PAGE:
Four examples of the lastingness of temporary:
a) As I moved into my dorm room and adjusted the old window, several Hebrew flash cards came fluttering out, apparently having once been used to keep the window in place. I laughed thinking of how I have shared and will share some understanding with the previous resident, despite never meeting them, over the shared task of studying Hebrew. The previous resident has graduated seminary and now is on to a new adventure, yet the lastingness of the shared experience remains.
b) One of the librarians mentioned that the library was a place where one is physically surrounded by a ‘great cloud of witnesses’ (Hebrews 12:1), namely referring to the testimony of those who had looked to Jesus, walked in faith, and wrote about what they thought and encountered along the way. Even though their earthly experience was temporary, there is a lasting quality to it that remains to encourage and challenge us today.
c) I’ve jokingly called this orientation week my finals week, since I’ve taken five tests to try to waive courses that are similar to ones I took at Whitworth. Despite the extra stress it caused, taking those tests served as a reminder that I am building upon my previous experiences (see blogpost from June 6th about embracing culture for more thoughts along this line).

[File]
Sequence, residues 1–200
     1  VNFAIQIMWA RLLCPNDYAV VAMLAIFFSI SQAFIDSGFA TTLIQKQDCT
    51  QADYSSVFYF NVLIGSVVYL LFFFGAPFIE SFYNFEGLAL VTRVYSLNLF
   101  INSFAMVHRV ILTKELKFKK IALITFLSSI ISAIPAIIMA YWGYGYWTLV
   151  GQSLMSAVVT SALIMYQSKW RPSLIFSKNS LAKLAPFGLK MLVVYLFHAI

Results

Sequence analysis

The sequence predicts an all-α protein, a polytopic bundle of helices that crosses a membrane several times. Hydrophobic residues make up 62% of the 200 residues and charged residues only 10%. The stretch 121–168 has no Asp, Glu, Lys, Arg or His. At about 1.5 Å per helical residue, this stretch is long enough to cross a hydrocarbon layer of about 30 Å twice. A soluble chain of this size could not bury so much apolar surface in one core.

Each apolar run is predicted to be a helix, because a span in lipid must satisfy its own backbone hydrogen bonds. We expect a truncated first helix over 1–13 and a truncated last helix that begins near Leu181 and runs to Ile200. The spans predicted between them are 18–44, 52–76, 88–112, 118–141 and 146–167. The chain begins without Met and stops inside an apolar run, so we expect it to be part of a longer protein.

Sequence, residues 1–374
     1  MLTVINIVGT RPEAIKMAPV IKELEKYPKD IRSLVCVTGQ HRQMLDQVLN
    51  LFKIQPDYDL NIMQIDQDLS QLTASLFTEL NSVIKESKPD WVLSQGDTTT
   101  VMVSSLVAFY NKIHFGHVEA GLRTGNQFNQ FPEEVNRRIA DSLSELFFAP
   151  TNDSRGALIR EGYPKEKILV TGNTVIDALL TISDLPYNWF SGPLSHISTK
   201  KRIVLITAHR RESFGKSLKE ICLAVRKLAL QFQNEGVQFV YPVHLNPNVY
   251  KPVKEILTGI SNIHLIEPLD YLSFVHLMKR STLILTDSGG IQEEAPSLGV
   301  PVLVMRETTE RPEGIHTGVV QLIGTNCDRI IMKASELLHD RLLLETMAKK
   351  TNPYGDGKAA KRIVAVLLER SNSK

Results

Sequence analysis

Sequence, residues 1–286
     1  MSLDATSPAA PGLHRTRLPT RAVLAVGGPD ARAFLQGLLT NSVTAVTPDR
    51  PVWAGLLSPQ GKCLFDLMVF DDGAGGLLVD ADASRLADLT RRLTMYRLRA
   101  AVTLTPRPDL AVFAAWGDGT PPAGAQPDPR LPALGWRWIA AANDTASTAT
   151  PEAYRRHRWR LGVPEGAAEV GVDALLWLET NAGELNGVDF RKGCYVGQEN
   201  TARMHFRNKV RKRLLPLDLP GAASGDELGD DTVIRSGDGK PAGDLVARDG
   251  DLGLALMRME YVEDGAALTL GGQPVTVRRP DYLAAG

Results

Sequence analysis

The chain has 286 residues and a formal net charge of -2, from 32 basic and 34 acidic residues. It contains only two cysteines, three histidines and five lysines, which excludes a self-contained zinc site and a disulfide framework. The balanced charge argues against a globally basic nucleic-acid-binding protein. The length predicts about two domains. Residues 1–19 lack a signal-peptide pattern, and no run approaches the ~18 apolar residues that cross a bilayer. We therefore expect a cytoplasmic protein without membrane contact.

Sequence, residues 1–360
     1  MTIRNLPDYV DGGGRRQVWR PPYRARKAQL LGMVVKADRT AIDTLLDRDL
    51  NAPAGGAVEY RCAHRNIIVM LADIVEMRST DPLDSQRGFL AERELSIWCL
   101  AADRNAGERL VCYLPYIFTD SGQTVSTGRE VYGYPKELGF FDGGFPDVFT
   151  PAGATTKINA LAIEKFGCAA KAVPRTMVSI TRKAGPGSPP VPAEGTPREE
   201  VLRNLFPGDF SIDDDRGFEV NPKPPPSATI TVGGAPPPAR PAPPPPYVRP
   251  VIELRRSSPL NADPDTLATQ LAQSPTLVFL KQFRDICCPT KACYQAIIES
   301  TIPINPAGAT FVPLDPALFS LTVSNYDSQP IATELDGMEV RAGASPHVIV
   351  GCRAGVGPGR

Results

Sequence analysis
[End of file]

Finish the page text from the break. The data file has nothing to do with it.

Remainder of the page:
d) Long-distance friendships can still be life-giving. While we may no longer be singing the doxology as we leave the library at midnight, making late-night runs to the grocery store, and catching up over lunch in the garden, there is still a connection in that we once shared those particular experiences together. As several of my friends begin their seminary experience, return to Whitworth, and settle into new jobs, there is a potential (as in requires one to be intentional) for them to be lasting friendships. I’m looking forward to staying connected with people and creating new memories with new friends here that may also last beyond the temporary.
And finally two questions:
What does it look like to draw lastingness out of the temporary?
Where is the balance in treasuring the past while embracing the new?